Here is a long piece written by journalist by Sally Githu explaining how some Africans are led to believe that life abroad is easy. Though penned a while back, Githu clearly explains about life abroad and how many are forced to survive instead of to thrive.
In Kenya, the conventional wisdom is that life is much better abroad, especially in the developed countries in the west. Many people, especially the unemployed, the ambitious and the optimistic believe that life abroad must offer much more promising to their home country. This is the reason why some people will go to any lengths to acquire a visa and other travelling documents in a bid to leave the country at the earliest opportunity.
In this article, we will concern ourselves with Kenyans’ expectations, experiences and the realities of life in Western countries, specifically the United States of America and the developed countries of the Western world.
Some of the Kenyans who travel abroad, especially to America and Europe usually go there with unreasonably high expectations. This is partly due to lack of awareness, not doing enough research before migrating to downright ignorance or desperation back at home. After enduring the poverty and low expectations of fulfillment back home, they imagine that they are moving to a land of milk and honey, an Eldorado where life is smooth, jobs are available and where one can achieve beyond their wildest dreams.
America: the land of opportunity where everything is possible. This is the common understanding by people who have not seen the reality of life in the US. Not that the belief is entirely misplaced, no. There have been many success cases among Kenyan immigrants, but the sob stories almost correspond with number of successes. The problem lies with the misconceptions that people have about life in the west. Then there is the issue of the green card, which enables people to move to America and become citizens.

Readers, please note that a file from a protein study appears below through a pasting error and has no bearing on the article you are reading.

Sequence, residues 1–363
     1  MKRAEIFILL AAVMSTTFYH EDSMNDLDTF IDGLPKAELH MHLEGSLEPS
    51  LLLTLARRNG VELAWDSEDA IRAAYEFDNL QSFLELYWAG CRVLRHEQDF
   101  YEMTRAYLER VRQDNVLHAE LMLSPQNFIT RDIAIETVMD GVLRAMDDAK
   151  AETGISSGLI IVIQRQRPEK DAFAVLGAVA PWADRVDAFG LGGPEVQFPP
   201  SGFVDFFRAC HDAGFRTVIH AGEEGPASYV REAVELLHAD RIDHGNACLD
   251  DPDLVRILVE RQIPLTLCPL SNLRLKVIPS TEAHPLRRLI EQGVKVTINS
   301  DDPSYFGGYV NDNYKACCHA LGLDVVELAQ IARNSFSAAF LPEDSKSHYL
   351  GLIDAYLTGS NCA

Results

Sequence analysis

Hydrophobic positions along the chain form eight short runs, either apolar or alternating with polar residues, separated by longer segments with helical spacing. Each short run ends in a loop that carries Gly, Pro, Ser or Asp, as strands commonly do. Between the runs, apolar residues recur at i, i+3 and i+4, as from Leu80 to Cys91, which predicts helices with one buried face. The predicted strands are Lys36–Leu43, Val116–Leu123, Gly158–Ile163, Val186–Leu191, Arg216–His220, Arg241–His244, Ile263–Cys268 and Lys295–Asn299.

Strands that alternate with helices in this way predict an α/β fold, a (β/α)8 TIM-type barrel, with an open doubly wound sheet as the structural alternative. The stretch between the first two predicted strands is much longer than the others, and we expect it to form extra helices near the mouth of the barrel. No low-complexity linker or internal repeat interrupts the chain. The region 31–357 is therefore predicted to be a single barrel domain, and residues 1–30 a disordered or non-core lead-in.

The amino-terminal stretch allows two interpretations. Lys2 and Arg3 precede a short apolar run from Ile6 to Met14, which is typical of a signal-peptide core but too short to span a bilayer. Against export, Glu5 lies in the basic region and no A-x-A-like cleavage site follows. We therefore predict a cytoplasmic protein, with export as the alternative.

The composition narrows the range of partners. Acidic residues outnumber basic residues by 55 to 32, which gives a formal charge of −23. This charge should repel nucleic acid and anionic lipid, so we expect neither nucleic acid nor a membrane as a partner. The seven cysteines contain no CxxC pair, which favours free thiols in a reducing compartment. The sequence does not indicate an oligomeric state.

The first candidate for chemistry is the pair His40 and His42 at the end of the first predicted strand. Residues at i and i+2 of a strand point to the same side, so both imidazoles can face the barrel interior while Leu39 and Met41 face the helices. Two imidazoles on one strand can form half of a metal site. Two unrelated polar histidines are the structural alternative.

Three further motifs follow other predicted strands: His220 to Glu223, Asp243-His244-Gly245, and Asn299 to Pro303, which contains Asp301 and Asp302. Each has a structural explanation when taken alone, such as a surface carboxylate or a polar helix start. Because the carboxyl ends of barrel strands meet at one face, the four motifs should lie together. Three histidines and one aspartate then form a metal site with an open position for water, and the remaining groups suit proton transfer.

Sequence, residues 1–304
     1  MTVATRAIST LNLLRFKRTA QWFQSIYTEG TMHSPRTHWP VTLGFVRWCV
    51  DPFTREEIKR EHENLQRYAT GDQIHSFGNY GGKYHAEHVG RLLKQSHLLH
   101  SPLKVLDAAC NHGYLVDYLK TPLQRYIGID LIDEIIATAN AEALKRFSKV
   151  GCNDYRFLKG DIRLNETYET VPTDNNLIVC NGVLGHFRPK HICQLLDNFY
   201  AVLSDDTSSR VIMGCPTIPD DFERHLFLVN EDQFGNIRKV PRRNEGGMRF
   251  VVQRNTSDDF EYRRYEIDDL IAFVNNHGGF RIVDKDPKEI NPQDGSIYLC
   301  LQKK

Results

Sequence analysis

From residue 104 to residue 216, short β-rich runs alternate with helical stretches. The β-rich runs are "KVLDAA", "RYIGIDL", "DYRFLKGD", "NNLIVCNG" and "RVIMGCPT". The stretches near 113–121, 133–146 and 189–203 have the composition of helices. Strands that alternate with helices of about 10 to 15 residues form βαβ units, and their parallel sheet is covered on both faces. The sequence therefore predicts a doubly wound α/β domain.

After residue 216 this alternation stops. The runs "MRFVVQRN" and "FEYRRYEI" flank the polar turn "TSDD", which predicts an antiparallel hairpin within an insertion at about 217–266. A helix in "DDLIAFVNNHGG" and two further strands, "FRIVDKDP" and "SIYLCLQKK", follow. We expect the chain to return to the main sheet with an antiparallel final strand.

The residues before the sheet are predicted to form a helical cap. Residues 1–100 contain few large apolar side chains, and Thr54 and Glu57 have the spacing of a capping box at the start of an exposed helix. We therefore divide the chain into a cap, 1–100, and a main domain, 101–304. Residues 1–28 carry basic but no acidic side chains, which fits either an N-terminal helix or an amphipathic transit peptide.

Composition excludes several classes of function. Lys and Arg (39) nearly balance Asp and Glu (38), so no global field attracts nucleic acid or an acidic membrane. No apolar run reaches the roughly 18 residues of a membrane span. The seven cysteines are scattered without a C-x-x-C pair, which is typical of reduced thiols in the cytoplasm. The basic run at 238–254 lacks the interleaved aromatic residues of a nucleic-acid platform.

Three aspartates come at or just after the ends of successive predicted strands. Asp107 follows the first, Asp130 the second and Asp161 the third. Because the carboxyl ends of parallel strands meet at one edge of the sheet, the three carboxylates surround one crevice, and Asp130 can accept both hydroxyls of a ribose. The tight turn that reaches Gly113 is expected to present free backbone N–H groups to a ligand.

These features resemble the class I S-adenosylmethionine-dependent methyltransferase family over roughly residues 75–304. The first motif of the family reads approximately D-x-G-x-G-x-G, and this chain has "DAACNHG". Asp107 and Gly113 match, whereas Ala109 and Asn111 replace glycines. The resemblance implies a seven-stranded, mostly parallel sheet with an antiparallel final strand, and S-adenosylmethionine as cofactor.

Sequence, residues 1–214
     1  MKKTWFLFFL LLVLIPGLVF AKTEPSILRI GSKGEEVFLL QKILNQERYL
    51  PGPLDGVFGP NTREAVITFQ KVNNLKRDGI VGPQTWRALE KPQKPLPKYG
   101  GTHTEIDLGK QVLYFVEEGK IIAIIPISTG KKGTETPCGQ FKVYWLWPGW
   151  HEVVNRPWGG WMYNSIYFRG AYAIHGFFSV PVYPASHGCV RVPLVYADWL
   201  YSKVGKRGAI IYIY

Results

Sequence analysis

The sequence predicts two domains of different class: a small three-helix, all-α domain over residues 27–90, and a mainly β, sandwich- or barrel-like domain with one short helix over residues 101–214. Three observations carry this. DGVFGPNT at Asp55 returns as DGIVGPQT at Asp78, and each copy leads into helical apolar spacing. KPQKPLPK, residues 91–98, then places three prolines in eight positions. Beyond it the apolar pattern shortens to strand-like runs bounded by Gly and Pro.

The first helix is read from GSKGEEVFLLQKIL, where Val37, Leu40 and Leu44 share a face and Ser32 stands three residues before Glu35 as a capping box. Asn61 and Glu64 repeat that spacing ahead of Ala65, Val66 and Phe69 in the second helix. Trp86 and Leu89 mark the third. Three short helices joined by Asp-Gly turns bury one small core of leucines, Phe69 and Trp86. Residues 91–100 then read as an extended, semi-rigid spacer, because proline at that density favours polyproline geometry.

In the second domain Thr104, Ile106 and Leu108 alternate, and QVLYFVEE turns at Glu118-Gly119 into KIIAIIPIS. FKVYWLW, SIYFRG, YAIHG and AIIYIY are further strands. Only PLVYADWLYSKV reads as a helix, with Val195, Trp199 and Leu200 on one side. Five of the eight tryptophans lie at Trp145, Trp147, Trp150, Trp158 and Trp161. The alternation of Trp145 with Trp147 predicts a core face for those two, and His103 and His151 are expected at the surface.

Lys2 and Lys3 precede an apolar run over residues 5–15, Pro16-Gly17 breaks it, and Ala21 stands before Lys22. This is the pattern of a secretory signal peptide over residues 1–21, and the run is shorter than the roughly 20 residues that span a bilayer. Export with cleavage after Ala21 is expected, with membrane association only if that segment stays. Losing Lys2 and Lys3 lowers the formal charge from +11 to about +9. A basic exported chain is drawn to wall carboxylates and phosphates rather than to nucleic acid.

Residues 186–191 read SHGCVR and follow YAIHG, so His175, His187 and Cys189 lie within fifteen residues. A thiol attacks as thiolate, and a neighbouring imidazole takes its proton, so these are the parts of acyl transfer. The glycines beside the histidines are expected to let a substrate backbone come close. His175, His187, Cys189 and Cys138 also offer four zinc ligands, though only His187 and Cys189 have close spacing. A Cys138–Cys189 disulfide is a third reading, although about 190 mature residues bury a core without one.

In Kenya, there have been numerous cases of people’s lives changing for the worse after winning this elusive card. Many people do not understand the ramifications of winning the green card. They imagine it is their key to a new prosperous life, and they embark on the migration to America without doing thorough research and without any preparations apart from hope and prayer. (And some amount of myopic and misplaced bravado, quoting Eleanor Roosevelt’s “there is nothing to fear but fear itself” line).
In short, they plunge into an unknown world and hope or believe that things will work themselves out once they have settled in America. Cases have been heard where people who have won the green card cut off all roots to their homeland in the believe that they are going to start a new life and, as it were, turn over a new leaf and wash their hands of a regrettable origin and past. They sell all their property, resign from their jobs, withdraw children from school and generally cut all links to their lives in Kenya.
In some extreme cases, some people have been known to tell their friends, foes and family members the unflattering truth about what they really think of them. In short, they burn their bridges since they are leaving, forever. Wrong move, as they come to realize amid regrets later on when the cold reality sinks in. First, there are the hidden costs, financial or otherwise, of their actions. Moving self or family is a very expensive exercise, which many foot with their savings or the proceeds from the sale of their property.
For those who have no relatives, friends or contacts, many arrive in the United States virtually broke. No home to live in, no job, no information about where you are going to settle. What many people don’t know is that once you step out of the plane after arrival in the US after winning the green card, you are literally on your own! The American government does not provide any freebies at all to immigrants and woe unto you if you arrive without a plan for survival.